There have been a fairly large number of fairly reliable reports that some clever and disreputable jerks have figured out how to hijack a Diablo III session, steal your Battle.net account, take all of your cool items, all of your WoW gold, and do all manner of other nefarious things - and worse yet, they can use your account to do it to your friends!

Eeeeeeeeeeeeeek! How can I stop this from happening!!?!?!?!?????

  • 5
    In short, get an authenticator.
    – GnomeSlice
    May 22, 2012 at 1:21
  • us.battle.net/account/management/authenticator.html the problem can be solved if you go to that link and check use an authenticator everytime you log in. it seems to be working for most people, or will give you enough time if it does happen once that you can change your password without losing anything.
    – Kirkalirk
    May 22, 2012 at 1:27
  • @Kirkalirk if you read the SomethingAwful thread linked in the question you'll find out that an authenticator is useless in this case
    – Kappei
    May 22, 2012 at 10:08
  • @Kappei - You cannot get the session id of a logged in player. The authenticator will protect you despite the incorrect reports on SomethingAwful. I also don't care what dirty little hacking websites claim, guess what the people who go to those types of websites, are basically scum.
    – Ramhound
    May 22, 2012 at 11:05
  • 4
    TIL people posting on internet forums that provide no evidence are "reliable".
    – Nick T
    May 22, 2012 at 21:25

3 Answers 3


Blizzard released an official statement about the current situation. Their official statement denies that there are any current exploits, or that Authenticator-locked accounts have been compromised. (We can always trust what a company says about their own security, right?)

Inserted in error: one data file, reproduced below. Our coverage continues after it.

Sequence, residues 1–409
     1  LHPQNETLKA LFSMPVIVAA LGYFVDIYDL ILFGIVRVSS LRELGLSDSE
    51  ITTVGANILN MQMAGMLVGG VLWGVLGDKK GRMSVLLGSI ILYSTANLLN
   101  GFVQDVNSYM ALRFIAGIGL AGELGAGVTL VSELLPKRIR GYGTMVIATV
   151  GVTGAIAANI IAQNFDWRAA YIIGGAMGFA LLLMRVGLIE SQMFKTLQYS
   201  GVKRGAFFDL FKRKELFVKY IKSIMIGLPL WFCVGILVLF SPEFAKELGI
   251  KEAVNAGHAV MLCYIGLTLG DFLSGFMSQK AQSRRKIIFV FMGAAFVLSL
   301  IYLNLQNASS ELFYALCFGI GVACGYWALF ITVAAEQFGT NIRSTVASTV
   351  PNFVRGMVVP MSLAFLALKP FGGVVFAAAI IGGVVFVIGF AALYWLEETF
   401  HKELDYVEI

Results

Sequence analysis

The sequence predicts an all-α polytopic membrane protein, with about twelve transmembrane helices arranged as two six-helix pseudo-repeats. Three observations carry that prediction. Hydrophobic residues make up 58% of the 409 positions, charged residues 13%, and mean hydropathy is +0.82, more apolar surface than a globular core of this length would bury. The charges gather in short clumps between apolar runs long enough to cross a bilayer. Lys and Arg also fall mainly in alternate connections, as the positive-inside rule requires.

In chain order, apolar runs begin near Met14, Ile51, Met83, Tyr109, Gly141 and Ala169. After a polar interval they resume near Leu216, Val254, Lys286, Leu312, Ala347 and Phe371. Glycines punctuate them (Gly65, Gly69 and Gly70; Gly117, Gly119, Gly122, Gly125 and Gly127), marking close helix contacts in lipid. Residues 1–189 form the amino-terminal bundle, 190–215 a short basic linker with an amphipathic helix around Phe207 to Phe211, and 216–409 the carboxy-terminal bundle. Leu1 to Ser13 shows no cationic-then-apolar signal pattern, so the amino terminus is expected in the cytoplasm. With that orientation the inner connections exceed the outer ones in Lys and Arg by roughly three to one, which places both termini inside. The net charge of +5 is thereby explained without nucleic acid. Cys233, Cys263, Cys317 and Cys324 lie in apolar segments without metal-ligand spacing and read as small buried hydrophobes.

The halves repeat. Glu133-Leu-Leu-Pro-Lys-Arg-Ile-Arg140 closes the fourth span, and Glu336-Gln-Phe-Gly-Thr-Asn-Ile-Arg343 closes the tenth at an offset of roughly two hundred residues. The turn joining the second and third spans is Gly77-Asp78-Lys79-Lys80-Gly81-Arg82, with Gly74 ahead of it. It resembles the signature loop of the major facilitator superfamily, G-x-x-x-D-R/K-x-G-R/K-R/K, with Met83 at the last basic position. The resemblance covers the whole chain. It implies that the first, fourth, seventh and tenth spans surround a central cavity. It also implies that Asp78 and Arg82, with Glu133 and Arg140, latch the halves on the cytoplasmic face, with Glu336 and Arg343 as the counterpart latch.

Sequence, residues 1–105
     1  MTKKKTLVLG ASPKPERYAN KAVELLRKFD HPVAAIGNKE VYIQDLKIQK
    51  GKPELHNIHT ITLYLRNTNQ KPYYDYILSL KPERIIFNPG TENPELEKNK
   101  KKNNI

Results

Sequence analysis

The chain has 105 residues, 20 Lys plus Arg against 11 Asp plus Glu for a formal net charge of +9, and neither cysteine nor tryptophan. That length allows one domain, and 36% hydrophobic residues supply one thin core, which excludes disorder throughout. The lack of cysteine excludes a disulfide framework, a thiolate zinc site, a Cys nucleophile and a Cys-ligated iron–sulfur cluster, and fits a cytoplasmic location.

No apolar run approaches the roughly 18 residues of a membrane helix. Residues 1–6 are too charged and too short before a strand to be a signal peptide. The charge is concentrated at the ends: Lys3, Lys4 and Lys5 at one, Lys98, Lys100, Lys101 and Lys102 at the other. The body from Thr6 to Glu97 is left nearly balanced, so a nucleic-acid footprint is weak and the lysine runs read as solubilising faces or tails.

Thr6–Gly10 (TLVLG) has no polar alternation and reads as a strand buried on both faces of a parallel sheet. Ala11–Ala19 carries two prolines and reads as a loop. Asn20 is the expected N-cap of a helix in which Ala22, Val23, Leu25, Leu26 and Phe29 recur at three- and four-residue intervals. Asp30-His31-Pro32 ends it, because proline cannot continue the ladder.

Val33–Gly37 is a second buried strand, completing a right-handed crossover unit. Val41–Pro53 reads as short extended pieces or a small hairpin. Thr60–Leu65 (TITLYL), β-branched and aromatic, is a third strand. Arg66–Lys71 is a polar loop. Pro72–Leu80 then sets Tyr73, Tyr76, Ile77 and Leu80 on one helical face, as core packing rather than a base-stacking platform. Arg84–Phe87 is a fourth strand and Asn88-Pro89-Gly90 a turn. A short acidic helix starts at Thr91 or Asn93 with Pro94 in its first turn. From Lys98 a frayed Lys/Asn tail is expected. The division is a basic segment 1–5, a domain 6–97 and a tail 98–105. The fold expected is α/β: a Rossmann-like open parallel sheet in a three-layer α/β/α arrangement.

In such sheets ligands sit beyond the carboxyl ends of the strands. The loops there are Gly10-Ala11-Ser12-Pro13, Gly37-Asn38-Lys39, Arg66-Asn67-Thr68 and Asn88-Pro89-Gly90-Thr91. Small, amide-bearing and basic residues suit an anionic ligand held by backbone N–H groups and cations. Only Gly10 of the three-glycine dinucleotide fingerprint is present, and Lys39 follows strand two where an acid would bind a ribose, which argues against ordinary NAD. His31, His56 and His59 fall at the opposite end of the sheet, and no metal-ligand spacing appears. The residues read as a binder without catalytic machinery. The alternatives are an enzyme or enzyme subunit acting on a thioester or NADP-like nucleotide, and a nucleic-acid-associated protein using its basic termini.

However, it also mentions that, if you're concerned about security, in addition to the "authenticator" device, and the "Mobile Authenticator" iPhone/Android app, there's also a service where Blizzard will send you text messages for certain (configurable) account information changes or similar activity. If you don't want to invest in the standalone device, and you don't have an iPhone/Android phone, you may be interested in this third option.

For more information on the Authenticator, visit http://us.battle.net/support/en/article/battle-net-authenticator-faq

For more on the Battle.net Mobile Authenticator, visit http://us.battle.net/support/en/article/battle-net-mobile-authenticator-faq

For more on Battle.net SMS Protect, visit http://us.battle.net/support/en/article/battlenet-sms-protect

As always, if you think you've been the victim of an account compromise, head to the "Help! I've Been Hacked!" tool at http://us.battle.net/en/security/help for assistance.


It is Blizzard's position that the session ID hijacking claim is bogus. Bashiok stated in his post that thus far none of the compromised accounts they have investigated had an authenticator attached prior to the compromise. A further update specifically asserts that the session hijacking being described is technically impossible.